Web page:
falling from the off limits campus bell tower. she reportedly wanted to take photo os of the new york city skyline. and a tourist from hong kong died in march falling from a cliff using a selfie stick. for some people a regular photo or video just doesn't cut it. it's thex treme picture that gets the likes on social media and many are taking big risks to get it. this young woman at the rim of the grand canyon, hanging from a train. pushing the limits and sometime sa too far. the average age, 23 years old. search andero rescue teams say too often they see the results of selfies gone wrong. what do you think when you see these extreme photos? >> i think of the people that are going to get hurt and how it
efects so many people like their families. >> reporter: in more dangerous locations there has been a call to label them no selfie zones. to label them no selfie zones. in other here's another cleaning tip from mr. clean. cleaning tough bathroom and kitchen messes with sprays and wipes can be a struggle. there's an easier way. try mr. clean magic eraser. just wet, squeeze and erase tough messes like bathtub soap scum and caked-on grease from oven doors. now mr. clean magic eraser comes in disposable sheets. they're perfect for icky messes on stovetops, in microwaves, and all over the house. for an amazing clean, try mr. clean magic eraser, and now, new mr. clean magic eraser sheets.
this is the "cbs overnight news." amazon is taking aim at people and companies who use its place to sell counterfeit products. they have more than 300 million active users. they spent more than $141 billion on products last year. most of the goods sold on amazon comes from third-party vendors with amazon acting as the muddleman. but some are selling big. and amazon is under pressure to crack down. you've been so helpless. >> reporter: she knew something was wrong when her service dog, riley became severely ill after
taking the pet supplement she orders from amazon. then she got a letter saying they may not be the same. the comp an, nutramax says the counterfeit were a threat to pet's safety and well being. >> we've continued to make progress butted the number's not zeer eo. >> reporter: amazon's vice president of customer support says they caught 3 billion suspicious listings before buyers saw them but can't say how many made it on to the site. are you aubl to say how many you discovered over a year period? >> i don't think i have that data point. >> people claim amazon is responsible for facilitating the s theresponsibilityit product.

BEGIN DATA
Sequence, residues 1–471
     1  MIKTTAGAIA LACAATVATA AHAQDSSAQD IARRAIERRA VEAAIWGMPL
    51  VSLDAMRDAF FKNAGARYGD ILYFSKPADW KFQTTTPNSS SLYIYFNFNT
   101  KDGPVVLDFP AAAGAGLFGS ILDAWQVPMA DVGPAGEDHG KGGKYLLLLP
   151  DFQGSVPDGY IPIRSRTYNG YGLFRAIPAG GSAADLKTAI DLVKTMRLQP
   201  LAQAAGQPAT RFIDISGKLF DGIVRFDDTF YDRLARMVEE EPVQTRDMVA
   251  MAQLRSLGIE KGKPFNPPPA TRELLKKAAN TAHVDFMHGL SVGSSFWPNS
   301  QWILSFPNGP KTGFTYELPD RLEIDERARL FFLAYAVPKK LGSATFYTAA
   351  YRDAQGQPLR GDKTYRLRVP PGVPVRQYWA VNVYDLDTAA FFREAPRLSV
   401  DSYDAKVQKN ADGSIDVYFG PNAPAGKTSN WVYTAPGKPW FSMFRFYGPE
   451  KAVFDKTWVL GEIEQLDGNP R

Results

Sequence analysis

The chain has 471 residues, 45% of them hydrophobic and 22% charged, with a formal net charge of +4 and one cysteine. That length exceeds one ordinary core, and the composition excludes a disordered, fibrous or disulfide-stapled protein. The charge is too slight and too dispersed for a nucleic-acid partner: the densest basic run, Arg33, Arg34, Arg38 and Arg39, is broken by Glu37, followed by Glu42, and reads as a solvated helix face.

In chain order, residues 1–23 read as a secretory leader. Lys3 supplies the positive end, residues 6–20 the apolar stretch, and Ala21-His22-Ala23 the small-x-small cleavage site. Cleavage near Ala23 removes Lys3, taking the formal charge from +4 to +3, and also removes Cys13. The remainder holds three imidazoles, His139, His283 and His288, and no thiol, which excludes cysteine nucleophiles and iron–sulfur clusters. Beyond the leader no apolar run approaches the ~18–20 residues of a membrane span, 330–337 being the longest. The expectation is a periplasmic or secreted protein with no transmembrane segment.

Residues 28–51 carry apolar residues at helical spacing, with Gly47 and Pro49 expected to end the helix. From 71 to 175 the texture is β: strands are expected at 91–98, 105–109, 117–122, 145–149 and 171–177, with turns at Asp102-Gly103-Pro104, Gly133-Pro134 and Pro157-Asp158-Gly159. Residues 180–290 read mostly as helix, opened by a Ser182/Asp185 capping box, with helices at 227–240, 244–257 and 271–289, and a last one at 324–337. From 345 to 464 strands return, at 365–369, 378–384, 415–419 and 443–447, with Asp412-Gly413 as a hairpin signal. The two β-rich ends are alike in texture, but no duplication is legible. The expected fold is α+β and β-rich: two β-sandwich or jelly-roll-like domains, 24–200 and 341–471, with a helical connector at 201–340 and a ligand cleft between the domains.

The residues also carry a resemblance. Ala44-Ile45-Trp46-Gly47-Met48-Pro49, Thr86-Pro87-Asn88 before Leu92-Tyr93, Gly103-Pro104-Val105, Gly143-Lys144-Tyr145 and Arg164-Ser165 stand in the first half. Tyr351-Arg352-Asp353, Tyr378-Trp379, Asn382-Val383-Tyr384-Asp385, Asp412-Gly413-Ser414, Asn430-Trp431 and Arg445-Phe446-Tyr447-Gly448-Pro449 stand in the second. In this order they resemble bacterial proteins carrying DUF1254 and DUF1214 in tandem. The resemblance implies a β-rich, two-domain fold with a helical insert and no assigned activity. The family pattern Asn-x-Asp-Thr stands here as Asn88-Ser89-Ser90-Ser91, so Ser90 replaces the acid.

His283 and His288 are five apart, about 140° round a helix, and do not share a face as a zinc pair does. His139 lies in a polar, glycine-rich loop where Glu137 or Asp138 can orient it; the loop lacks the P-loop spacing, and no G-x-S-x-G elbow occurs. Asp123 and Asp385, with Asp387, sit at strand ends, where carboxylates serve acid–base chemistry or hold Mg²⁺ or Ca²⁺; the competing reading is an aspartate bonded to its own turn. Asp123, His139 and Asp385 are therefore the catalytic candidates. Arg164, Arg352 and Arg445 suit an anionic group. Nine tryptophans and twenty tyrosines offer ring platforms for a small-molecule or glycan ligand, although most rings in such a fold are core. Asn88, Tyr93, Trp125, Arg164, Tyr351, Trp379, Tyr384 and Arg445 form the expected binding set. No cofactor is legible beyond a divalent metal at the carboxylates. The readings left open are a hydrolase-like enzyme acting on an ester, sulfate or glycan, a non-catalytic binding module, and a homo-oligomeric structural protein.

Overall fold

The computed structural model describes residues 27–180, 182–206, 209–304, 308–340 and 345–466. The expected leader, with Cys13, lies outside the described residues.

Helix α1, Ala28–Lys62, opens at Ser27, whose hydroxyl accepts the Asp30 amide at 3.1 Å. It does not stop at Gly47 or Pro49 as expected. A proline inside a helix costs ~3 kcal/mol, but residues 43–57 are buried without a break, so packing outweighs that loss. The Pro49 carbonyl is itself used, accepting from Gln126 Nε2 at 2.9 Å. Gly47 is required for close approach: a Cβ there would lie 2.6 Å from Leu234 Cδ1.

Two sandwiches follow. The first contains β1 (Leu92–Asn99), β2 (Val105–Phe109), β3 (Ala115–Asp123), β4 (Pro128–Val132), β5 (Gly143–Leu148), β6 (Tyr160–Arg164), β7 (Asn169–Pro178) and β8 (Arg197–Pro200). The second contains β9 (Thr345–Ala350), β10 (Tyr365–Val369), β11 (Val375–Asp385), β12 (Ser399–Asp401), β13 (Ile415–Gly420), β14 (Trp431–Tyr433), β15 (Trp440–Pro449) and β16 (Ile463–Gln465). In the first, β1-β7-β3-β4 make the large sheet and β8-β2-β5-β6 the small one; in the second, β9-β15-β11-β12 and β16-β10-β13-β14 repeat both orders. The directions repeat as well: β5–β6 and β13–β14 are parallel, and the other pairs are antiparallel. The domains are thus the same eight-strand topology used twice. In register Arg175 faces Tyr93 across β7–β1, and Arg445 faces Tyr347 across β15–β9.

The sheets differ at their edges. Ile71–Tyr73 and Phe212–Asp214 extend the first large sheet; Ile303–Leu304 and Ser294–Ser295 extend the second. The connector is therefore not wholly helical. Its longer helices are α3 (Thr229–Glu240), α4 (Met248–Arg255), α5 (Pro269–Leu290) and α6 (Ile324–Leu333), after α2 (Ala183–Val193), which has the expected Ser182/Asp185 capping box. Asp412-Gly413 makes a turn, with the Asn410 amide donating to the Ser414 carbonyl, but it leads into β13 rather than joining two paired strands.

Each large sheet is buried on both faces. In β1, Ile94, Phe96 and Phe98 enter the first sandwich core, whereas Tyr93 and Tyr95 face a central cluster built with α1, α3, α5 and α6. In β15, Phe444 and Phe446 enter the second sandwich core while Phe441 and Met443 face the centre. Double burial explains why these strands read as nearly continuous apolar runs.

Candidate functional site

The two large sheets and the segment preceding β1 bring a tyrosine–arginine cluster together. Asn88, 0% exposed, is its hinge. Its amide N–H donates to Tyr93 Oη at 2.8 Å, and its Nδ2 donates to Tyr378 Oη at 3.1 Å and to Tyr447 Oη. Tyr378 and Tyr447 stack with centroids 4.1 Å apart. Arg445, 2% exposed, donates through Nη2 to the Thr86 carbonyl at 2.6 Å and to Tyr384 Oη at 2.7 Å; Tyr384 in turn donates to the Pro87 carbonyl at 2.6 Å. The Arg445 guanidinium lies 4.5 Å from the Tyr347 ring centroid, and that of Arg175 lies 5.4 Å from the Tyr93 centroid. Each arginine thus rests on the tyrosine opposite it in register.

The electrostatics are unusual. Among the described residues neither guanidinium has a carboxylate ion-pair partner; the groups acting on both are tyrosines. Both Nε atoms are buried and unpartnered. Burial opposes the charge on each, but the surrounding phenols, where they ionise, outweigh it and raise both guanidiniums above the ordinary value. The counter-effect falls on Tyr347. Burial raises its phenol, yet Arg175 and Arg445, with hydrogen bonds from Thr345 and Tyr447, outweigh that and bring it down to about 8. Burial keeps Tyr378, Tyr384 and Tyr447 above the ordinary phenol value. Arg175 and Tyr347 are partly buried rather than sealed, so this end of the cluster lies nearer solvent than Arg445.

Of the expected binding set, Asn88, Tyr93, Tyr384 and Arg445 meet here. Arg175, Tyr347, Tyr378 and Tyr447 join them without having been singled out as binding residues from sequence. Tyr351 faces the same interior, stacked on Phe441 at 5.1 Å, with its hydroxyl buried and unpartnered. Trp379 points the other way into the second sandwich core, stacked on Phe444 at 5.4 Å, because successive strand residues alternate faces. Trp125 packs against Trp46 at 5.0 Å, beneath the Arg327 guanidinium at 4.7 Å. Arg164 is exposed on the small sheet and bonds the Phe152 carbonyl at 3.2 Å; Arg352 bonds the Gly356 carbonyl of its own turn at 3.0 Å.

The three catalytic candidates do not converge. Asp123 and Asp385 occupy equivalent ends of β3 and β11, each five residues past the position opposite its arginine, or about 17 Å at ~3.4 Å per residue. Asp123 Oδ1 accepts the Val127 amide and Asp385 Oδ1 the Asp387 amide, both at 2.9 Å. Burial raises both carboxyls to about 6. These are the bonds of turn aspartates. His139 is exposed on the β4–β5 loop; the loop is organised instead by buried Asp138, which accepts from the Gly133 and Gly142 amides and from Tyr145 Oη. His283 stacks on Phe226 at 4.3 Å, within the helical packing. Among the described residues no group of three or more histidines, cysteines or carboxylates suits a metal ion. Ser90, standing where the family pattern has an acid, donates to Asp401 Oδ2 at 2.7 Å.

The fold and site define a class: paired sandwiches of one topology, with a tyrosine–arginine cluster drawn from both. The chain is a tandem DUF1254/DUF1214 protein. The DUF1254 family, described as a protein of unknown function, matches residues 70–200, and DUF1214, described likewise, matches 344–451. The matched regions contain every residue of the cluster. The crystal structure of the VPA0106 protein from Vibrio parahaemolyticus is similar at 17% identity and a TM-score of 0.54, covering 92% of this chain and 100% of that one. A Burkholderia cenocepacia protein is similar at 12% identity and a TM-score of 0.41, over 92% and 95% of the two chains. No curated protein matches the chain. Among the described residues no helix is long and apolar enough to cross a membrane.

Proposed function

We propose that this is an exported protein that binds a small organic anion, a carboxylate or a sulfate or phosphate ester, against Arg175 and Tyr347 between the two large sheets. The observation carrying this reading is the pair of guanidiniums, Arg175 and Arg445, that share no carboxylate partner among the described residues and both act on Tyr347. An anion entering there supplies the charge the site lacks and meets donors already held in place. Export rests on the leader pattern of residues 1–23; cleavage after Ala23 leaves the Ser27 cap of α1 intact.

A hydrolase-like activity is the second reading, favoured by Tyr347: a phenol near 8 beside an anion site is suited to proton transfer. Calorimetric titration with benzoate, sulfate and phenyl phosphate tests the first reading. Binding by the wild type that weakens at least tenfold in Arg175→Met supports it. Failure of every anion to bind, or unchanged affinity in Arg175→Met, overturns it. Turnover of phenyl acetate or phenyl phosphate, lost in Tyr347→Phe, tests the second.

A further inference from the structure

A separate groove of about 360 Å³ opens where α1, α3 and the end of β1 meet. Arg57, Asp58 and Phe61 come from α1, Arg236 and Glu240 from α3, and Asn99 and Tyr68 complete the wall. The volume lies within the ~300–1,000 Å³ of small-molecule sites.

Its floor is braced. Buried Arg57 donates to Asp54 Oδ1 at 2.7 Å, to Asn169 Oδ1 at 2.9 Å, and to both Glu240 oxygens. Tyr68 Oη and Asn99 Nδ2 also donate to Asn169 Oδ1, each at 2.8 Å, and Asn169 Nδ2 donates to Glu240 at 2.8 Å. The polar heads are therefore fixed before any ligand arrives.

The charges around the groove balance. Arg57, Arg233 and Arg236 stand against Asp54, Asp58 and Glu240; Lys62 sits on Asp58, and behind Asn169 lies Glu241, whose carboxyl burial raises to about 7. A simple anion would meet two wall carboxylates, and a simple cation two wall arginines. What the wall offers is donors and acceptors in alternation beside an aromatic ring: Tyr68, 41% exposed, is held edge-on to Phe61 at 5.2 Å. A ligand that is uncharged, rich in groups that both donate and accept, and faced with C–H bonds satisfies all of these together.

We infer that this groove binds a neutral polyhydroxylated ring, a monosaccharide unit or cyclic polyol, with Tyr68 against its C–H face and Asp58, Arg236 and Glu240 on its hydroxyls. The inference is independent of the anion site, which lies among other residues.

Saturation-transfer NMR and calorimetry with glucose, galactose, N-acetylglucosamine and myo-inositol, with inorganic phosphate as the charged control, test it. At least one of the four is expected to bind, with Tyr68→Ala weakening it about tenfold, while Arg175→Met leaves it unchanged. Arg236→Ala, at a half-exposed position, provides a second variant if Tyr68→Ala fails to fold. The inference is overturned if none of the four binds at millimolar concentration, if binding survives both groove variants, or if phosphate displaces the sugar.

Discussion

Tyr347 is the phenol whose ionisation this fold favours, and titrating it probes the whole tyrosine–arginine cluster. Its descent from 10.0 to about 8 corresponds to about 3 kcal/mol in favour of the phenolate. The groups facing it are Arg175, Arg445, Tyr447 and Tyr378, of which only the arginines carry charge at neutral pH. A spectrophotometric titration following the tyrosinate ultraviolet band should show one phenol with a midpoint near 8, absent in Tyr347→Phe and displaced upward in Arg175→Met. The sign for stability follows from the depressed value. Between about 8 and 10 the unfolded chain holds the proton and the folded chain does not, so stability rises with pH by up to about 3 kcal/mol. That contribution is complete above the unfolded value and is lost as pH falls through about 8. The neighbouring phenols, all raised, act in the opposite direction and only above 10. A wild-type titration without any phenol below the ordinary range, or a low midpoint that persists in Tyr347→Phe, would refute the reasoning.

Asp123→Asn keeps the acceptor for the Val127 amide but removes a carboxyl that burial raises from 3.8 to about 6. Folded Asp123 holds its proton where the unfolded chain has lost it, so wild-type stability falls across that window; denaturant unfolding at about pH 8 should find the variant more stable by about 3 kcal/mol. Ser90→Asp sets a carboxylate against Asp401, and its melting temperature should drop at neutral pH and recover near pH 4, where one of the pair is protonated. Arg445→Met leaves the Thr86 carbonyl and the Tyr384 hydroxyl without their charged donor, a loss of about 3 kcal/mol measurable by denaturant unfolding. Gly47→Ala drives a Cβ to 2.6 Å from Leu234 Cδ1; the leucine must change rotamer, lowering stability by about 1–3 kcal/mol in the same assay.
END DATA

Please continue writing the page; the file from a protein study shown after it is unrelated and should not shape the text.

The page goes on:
lie? >> how d w preve counterfeit from getting in our store? we' weal make sure the customer is made whole and on average, 95% of the time we investigate that and take action within eight hours. >> inventor says that wasn't the case for his visit. after listing his forearm fork lift on amazon, he says he found does jz of fakes, some using the same name, logo and photos. he says it's not only extremely difficult to track down the bad actors but to take any legal recourse against them. >> we have to find them deep in their itthem. still more and more days are passing and finally they may or may not take down the listing.
>> reporter: amazon won $60,000 in may of 2018. that one went to loprato. but now metta says amazon wants to make it easier to remove fakes by teaming up with sellers in a new forgram called project zero. >> this is the first time we'll be able to eare move stuff directly from had it store. they can now identify and delete suspected counterfeit listings with just a few clicks. >> we will always have some level of vetting. there's powerful tools and you wouldn't want random people currpaicipating.rands are but he says that number will grow significantly. amazon is also using artificial intelligence to search for fakes and offering sellers to offer a special code to each product
that they can scan to make sure it's real. he says consumers need to be aware of what he call the 3 ps rr. >> packaging, misspellings, specifically for amazon. you may want to look at customer reviews, that it was a verified purchaser. >> i dont think that will make the difference on its on. it's everything we can do up front. the success, the growth of amazon is built on having customers trust us. brands trust us. be >> the cbs overnight news will be right back. i can't believe it.
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nba playoff history and it was sweet muse took the ears of the clippers' biggest fan, steve balmer. >> reporter: they say the sky has $41 billion. >> what the magazines say. >> reporter: i can't fathom that. >> i can't. what does it mean? i could buy the l.a. clippers. >> are there any clippers fans here? >> reporter: and so in 2014 steve balmer, age 63, ranks as one of the wealthiest people in the world did just that. but the team has yet to win a championship. >> well, i think our team plays with a lot of grit, excitement, toughness. >> winning against the stream
idea. >> exactly. >> reporter: he grew up in detroit. his dad a swiss immigrant who never finished high school. he took a risk in 1980 and dropped out of business school to help an old friend with his fled fledgeling software company, the friends was bill gates. >> i have a little bit of add, if you will, in my personality. so i wanted to work for somebody who i believed was really smart. >> reporter: he became the the 30th employee, put in charge of sales and business development. >> wherever you want to go today, microsoft software can help yet there. >> reporter: he struck a shrewd